[Cross-posted] I spotted the below on Ninemsn today and thought, ‘Poor Brian.’
I clicked on the ?rst link and found quite the opposite:
It’s not as embarrassing as the network, and the Murdoch Press, reporting on the Miranda Kerr incident two years late and getting the venue wrong, but it’s still an about-face.
Netizens will be able to work out that the ?rst link came about because the Ninemsn website reported that Delta Goodrem turned down boyfriend Brian McFadden’s marriage proposal. Then, the site’s staff found out more and had to instantly change the piece, but due to caching or the way the Ninemsn site is structured, the headline link on another page had not changed.
This is not abnormal and at least the link goes to an accurate item of news.
And Ninemsn was not alone, as Murdochs did the same thing:
It all makes me wonder about the wisdom of such immediacy when it comes to the gossip press. Usually, the items are of little signi?cance. They are disposable news, so what harm is there with a brief delay to get the facts right? The contrary argument is that since these items are inconsequential, then why should the facts need to be dead right?
I realize that’s not the way celeb-based factoid-reporting works, and on the web, even more rules get chucked out in the quest to be the ?rst on to Google News with the headline.
But we are representatives of the media. We are, supposedly, journalists and editors and publishers. And as the fourth estate, we have a duty to the public.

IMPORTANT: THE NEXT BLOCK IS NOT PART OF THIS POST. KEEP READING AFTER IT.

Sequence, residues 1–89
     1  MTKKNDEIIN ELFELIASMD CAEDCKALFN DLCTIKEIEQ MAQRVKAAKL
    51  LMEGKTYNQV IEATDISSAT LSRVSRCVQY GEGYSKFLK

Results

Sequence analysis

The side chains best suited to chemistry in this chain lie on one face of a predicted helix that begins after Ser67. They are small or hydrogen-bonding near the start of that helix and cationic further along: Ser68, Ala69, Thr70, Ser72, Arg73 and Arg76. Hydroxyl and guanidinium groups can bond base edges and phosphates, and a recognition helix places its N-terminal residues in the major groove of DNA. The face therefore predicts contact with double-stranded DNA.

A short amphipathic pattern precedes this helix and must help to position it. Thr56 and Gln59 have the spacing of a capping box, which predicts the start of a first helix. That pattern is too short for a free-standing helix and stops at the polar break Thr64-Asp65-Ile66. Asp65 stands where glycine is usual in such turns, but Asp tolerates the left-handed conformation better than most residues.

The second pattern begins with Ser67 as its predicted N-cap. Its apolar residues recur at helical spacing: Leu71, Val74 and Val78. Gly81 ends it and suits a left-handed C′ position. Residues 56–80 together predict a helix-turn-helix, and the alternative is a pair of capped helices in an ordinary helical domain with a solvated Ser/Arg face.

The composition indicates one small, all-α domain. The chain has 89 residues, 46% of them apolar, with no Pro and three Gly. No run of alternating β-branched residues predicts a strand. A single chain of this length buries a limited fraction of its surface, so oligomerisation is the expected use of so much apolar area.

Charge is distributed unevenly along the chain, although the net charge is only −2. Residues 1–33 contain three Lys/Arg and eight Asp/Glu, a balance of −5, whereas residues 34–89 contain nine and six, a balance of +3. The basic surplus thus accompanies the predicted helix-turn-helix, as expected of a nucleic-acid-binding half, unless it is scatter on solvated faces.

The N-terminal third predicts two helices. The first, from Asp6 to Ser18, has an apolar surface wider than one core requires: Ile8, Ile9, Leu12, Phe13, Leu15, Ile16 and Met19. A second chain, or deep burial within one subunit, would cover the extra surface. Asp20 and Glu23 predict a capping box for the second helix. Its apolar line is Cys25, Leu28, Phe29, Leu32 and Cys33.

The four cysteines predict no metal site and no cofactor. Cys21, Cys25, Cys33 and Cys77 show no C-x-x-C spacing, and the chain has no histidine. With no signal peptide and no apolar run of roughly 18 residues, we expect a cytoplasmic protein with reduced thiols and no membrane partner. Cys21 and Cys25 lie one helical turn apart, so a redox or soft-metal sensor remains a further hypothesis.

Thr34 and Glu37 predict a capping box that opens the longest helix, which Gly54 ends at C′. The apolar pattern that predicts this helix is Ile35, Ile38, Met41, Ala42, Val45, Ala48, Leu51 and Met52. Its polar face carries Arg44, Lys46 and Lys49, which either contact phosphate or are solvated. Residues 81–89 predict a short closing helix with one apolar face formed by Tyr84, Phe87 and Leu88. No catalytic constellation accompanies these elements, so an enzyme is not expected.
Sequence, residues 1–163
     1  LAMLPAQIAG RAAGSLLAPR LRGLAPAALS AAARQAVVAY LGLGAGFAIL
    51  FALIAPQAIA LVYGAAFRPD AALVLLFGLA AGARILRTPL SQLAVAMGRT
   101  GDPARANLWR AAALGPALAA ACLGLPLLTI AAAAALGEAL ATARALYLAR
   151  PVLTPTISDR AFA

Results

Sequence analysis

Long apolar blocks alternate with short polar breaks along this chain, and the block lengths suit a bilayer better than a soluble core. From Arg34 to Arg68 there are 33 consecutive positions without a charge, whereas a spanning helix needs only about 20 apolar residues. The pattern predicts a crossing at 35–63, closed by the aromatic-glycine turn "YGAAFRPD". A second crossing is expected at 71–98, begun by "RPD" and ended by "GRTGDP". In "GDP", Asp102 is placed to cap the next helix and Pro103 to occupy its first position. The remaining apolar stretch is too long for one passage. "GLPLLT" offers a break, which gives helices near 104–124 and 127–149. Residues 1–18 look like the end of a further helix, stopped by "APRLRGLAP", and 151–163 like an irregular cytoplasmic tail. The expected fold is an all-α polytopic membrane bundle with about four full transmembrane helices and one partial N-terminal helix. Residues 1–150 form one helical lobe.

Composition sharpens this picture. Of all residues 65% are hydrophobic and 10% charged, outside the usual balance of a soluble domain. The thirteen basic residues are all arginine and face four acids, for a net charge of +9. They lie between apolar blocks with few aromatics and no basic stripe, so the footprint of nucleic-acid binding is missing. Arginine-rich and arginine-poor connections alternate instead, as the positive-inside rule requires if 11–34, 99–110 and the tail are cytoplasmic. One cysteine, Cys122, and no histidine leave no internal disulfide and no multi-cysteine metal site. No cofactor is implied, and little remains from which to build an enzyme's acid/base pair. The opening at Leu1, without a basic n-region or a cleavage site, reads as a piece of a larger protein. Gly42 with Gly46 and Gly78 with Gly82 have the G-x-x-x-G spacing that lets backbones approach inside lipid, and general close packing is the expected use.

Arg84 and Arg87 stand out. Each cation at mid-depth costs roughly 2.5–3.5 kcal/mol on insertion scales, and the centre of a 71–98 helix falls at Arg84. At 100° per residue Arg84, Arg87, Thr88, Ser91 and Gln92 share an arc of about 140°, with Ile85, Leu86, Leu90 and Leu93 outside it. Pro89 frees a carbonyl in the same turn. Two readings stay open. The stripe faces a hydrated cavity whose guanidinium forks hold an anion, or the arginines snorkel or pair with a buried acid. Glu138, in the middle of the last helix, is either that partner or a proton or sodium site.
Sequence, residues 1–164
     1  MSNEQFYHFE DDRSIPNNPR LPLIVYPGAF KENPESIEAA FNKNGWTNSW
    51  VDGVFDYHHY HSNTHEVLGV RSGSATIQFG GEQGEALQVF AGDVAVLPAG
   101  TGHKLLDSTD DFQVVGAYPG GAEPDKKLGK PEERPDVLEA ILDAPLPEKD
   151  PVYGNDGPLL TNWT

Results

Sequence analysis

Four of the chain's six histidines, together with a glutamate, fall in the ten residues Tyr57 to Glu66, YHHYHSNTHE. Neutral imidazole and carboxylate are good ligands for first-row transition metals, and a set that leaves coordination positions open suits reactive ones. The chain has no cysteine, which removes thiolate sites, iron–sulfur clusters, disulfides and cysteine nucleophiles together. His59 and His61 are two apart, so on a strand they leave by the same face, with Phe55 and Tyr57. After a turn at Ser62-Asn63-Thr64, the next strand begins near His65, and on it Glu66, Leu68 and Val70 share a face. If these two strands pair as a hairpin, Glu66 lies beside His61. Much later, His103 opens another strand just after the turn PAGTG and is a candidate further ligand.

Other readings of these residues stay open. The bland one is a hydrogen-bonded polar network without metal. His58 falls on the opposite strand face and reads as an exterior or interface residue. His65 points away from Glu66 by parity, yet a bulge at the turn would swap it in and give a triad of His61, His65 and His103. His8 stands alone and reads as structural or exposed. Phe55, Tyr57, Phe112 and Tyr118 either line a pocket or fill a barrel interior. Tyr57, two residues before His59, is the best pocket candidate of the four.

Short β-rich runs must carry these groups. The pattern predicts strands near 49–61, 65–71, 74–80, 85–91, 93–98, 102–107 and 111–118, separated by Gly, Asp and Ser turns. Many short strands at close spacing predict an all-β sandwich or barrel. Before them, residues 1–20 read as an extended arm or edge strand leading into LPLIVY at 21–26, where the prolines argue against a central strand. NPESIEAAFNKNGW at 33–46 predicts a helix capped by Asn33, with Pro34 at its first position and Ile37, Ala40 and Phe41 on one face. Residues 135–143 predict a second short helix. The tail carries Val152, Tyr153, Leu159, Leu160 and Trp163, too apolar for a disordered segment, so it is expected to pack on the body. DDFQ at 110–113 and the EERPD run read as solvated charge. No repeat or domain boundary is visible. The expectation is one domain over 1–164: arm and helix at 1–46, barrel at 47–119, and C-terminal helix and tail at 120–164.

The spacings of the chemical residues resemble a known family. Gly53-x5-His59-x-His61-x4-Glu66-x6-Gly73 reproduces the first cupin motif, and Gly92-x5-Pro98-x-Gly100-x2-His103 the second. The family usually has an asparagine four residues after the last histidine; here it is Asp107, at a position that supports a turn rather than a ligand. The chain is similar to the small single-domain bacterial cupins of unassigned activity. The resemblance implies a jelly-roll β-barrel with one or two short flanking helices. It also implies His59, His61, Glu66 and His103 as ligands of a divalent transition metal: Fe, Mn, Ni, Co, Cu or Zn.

Call me a traditionalist, but I would prefer to get everything straight before committing to press in any medium, even if it means a delay.
After the Miranda Kerr embarrassment, propagated by Sky, news.com.au and The Daily Telegraph (Australia) newspaper, I have had to conclude that I can’t trust Murdoch Press items at all. Before this week I took only The Sun and News of the World items with a grain of salt (remember all the speculation about who the next James Bond would be?), but am saddened to have to apply the same doubts across more of the Murdoch Press. Especially since the chief himself, Mr Keith Rupert Murdoch, has (thank goodness) vowed to up the journalistic standards at papers such as The Wall Street Journal.
Maybe I should not lecture since I have never been on dailies, but my feeling is that the damage to goodwill across a group is too great when this sort of misreporting starts happening regularly.